I recently spent some time at garage sales (or tag sales as my East Coast friends like to call them). Dozens and dozens of homes had hundreds of items for sale and people were buying like crazy.

I spent a couple of bucks on some odds and ends but also bought a teak desk for $30. I was not looking for a desk, but the owner was moving and anxious to sell so I couldn’t pass up his let’s-get-rid-of-this price. (Later, the wood expert guessed it was worth several hundred dollars and she suggested that I got the bargain of the day!)

I was struck by the number of transactions that occurred and continue to be amazed at the robust market for “used.” Garage sales, Goodwill, resale shops, Craigslist, eBay, the vending machine in the mall that buys used phones, flea markets and consignment stores all contribute to the reuse of unwanted merchandise. Stores such as Books A Million now buy back used audio or paper books, and Amazon has an extensive Seller Marketplace to serve as a forum for buying/selling just about everything.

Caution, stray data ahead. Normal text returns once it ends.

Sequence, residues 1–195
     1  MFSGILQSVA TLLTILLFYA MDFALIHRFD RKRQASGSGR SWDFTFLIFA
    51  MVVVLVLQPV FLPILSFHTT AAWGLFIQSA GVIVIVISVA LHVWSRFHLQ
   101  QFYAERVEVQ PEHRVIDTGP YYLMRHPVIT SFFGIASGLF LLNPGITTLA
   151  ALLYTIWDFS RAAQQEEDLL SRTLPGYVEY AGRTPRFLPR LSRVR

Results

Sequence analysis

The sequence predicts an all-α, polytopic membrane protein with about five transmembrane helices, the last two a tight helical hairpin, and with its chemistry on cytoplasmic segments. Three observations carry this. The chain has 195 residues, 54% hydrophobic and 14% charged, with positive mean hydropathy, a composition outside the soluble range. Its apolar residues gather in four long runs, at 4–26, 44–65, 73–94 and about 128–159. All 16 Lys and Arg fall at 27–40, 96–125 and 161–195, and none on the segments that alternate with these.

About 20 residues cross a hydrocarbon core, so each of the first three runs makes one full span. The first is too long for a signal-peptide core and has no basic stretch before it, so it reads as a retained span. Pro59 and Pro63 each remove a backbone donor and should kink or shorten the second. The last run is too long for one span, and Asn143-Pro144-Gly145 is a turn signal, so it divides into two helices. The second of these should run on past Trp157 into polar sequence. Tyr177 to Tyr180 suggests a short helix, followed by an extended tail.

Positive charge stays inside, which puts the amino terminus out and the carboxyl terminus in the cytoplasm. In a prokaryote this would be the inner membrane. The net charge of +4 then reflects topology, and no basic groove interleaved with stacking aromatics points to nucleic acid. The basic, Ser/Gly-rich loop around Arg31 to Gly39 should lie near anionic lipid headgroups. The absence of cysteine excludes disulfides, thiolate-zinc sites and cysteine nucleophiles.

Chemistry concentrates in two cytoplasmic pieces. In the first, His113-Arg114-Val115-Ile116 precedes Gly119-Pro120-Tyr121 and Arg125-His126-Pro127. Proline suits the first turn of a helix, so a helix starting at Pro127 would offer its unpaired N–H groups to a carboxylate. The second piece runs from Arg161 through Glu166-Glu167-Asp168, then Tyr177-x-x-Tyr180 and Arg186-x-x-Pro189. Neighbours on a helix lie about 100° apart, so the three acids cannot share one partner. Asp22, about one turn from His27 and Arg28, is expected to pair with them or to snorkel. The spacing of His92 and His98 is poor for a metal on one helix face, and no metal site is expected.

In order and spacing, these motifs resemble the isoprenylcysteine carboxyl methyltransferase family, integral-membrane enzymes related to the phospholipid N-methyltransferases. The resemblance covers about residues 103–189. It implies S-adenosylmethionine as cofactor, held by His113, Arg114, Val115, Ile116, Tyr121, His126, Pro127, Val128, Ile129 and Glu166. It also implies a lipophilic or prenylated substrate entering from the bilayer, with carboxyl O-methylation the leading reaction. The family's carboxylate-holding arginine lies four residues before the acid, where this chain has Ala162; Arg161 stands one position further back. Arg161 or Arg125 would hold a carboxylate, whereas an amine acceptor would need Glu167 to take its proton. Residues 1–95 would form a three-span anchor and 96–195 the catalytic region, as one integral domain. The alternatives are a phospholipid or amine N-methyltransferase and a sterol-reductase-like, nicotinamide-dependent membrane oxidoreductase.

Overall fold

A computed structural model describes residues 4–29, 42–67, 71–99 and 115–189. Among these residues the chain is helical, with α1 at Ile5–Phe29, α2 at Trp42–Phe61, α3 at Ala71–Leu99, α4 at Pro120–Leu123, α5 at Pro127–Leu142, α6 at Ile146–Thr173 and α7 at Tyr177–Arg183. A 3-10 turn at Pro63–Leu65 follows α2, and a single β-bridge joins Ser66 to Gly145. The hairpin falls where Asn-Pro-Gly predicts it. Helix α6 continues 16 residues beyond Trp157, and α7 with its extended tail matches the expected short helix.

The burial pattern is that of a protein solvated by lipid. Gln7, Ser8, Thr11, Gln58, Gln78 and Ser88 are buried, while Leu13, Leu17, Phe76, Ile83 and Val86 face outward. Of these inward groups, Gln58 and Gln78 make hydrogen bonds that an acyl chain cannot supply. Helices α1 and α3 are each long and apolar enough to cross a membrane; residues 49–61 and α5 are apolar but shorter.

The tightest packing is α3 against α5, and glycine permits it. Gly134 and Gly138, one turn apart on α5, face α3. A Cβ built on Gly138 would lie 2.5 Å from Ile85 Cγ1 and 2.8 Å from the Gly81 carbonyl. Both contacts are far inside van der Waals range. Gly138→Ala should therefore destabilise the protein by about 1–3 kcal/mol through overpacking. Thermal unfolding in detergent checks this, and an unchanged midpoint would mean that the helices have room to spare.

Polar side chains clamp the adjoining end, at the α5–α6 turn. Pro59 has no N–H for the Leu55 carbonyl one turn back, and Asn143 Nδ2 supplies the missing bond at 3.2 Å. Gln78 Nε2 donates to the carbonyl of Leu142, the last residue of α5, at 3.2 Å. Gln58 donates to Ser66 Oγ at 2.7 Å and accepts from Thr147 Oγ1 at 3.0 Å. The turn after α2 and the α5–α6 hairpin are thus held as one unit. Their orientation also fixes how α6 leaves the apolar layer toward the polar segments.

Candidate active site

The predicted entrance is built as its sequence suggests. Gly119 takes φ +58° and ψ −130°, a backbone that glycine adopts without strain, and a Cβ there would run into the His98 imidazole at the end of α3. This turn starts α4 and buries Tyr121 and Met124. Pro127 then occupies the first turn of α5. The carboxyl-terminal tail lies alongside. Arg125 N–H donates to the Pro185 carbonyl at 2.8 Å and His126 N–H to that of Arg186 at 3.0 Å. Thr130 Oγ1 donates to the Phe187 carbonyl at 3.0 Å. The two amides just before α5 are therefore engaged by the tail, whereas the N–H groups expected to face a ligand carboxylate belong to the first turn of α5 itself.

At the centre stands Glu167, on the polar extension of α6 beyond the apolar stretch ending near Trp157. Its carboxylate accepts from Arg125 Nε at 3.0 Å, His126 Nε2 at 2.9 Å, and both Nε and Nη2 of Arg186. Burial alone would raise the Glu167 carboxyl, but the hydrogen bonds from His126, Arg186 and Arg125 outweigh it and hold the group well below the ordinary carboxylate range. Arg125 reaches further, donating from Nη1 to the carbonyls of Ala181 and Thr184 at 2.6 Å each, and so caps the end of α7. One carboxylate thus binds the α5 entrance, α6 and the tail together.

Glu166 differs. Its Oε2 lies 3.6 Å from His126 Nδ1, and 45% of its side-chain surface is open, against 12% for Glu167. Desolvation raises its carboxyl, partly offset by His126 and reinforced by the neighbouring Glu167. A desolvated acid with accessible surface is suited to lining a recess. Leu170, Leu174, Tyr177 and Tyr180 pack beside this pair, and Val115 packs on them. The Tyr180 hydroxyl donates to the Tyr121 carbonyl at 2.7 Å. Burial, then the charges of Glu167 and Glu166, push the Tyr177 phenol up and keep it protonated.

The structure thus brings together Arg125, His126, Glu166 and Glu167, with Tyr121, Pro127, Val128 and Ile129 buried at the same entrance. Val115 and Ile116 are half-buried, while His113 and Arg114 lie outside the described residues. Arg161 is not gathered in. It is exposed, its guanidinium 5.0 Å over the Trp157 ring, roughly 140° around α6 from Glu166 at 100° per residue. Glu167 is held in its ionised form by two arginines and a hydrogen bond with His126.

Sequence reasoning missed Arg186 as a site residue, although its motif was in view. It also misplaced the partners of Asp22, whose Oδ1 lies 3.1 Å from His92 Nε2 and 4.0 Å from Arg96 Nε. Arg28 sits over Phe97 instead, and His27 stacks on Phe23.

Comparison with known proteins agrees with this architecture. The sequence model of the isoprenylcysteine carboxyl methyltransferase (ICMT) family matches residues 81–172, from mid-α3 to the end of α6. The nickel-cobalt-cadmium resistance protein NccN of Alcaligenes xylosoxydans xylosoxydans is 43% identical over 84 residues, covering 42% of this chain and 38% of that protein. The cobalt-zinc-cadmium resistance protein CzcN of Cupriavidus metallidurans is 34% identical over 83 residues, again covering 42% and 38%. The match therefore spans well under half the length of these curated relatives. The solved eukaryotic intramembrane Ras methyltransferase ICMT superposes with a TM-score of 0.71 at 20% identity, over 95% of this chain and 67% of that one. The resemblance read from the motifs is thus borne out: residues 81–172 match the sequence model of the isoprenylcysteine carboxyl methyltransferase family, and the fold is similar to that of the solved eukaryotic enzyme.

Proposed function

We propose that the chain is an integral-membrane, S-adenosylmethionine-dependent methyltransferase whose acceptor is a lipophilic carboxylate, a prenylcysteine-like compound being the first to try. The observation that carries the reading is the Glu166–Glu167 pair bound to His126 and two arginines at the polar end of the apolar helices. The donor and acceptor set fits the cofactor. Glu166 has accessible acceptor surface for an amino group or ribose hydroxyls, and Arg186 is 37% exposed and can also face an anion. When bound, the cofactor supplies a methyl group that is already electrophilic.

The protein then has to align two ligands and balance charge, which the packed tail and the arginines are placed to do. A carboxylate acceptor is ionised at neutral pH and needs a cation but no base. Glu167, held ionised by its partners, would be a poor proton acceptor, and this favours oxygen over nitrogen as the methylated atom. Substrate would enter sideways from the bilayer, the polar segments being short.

Buying something that has “had a previous owner” is good for the environment, your budget and maybe even allows you to find something that you are unable to buy otherwise (like a teak desk!). Challenge yourself to make “used” as your default option for purchasing whenever you can.

About the Author leadership dots by dr. beth triplett

Dr. beth triplett is the owner of leadership dots, offering coaching, training and consulting for new supervisors. She also shares daily lessons on her leadershipdots blog. Her work is based on the leadership dots philosophy that change happens through the intentional connecting of small steps in the short term to the big picture in the long term.

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